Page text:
In one of the great events in our nation's history, the United Auto Workers brought GM to its knees with the Flint sit-down strike of 1936-37. For six weeks, the workers defied antiunion court orders and resisted tear gassing as they occupied the Fisher body plant, a crucial component of GM's manufacturing process. Buoyed by the active participation of the women's auxiliary and food and sustenance from the Flint community, the UAW workers refused to budge until they won collective bargaining rights and better working conditions--not just for themselves but for all GM plant workers and eventually all Big Three autoworkers.
The rights and benefits that both union and nonunion workers have enjoyed over the past seven decades are due in no small measure to courageous and imaginative actions like those of the Flint sit-down strikers. But while the current economic meltdown has brought to mind memories of the Great Depression, we need to understand how far we are removed from the 1930s.
In the 1930s, our manufacturing structure was still intact; the working class was growing in numbers, and defying the economic royalists by singing "Solidarity Forever." Hi-Tech had not made the majority of industrial workers obsolete. Transnational corporations, cheap oil and globalization had not normalized the export of jobs.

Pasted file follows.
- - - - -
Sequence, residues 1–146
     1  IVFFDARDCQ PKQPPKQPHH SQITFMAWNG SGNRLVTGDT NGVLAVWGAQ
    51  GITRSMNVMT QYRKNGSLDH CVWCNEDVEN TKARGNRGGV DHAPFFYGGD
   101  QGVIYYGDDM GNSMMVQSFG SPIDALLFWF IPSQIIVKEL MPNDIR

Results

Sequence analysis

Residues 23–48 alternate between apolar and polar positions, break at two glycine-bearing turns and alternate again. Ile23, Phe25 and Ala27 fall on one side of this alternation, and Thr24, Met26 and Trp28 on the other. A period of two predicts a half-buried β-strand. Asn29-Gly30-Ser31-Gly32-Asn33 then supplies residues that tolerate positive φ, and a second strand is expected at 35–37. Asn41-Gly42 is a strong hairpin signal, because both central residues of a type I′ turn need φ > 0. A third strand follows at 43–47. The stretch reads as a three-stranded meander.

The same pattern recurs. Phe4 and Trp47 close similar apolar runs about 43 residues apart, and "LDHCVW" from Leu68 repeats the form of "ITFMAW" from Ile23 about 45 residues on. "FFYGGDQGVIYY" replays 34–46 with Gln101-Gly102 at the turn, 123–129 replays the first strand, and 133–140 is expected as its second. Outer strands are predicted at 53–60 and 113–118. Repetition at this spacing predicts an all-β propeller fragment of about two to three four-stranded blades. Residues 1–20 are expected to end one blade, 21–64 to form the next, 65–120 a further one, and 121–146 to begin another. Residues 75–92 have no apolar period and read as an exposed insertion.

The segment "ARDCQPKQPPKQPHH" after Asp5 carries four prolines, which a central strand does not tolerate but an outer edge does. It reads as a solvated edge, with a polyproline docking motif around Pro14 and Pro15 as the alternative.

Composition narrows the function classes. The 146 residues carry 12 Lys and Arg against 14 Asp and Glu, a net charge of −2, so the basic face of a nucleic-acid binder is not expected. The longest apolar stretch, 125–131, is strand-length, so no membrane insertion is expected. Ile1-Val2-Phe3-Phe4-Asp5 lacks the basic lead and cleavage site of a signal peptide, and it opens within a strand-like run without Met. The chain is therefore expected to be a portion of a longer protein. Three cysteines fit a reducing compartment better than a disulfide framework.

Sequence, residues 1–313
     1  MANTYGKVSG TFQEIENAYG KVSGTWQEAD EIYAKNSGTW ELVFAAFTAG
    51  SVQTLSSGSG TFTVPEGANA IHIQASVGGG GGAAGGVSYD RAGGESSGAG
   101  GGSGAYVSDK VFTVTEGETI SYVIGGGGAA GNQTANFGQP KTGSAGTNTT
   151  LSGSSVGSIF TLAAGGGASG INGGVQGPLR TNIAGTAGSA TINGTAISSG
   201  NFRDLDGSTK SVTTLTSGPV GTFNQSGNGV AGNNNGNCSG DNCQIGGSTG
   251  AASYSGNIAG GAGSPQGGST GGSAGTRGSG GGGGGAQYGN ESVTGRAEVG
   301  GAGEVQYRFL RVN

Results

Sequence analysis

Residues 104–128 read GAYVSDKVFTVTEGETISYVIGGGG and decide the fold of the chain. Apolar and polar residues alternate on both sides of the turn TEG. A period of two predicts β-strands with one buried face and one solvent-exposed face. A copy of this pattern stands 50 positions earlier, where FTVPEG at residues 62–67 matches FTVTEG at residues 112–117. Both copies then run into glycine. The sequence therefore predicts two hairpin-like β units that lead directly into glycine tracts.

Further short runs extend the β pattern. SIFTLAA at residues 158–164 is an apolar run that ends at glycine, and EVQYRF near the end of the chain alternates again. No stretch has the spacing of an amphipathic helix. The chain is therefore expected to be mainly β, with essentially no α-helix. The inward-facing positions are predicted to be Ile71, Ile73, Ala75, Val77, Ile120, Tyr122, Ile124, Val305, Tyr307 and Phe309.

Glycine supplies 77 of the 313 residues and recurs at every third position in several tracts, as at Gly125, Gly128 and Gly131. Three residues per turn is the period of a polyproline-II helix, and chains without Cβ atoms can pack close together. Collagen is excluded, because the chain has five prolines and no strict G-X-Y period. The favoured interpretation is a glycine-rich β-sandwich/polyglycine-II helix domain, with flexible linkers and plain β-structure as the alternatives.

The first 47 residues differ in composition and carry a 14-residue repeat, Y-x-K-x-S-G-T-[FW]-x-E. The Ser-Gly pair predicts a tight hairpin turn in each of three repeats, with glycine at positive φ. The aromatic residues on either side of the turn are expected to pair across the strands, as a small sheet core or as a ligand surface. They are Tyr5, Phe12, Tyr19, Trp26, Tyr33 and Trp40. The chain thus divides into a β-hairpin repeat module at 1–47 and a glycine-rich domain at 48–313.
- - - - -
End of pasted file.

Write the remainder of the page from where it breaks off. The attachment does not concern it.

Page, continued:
In the 1930s, the UAW told GM they would shut the company down until their voices were heard and their humanity respected. Today, the UAW is scrambling to make whatever concessions are necessary to keep GM in business.
In the 1930s, the UAW captured the imagination of millions around the world, who saw in its struggles the makings of a new social movement and willingly offered their material and moral support. Today, the UAW, rightly or wrongly, is viewed by most Americans as an interest group that exists primarily to serve the needs of its own membership.
As Abraham Lincoln said 140 years ago in December 1862: "The dogmas of the quiet past are inadequate to the stormy present. The occasion is piled high with difficulty, and we must rise with the occasion. As our case is new, so must we think anew, and act anew. We must disenthrall ourselves, and then we will save our country."
If the UAW wants a GM that works for its members, it will need to take ownership of the company and thrust the workers into the position to assume responsibility for the tough decisions lying ahead. Just imagine if GM were a worker-owned company, building the world's most environmentally-friendly vehicles (not just cars but buses, trains, and other forms of mass transit), prioritizing doing business with local communities, and using its clout to advocate for progressive domestic and foreign policies.
Our belief is that socially-conscious people, including those turned off by the us-against-them rhetoric of the old "Buy American" campaigns, are anxious to rally behind this new kind of business. What we know for sure is that the old business model--upon which both GM and the UAW have relied since the 1950 "Treaty of Detroit" labor-management agreement--has failed and cannot be resurrected. Thus, we need to offer the American public a clear alternative to pouring billions and billions of public funds down a sinkhole.
It won't be easy for the UAW to break with years of "business unionism" or for its members to take on a new set of unprecedented challenges following decades of relative economic security. Should they choose this path, they will need our love and solidarity more than ever. But even if they fail to do so, we can look to other sources of inspiration.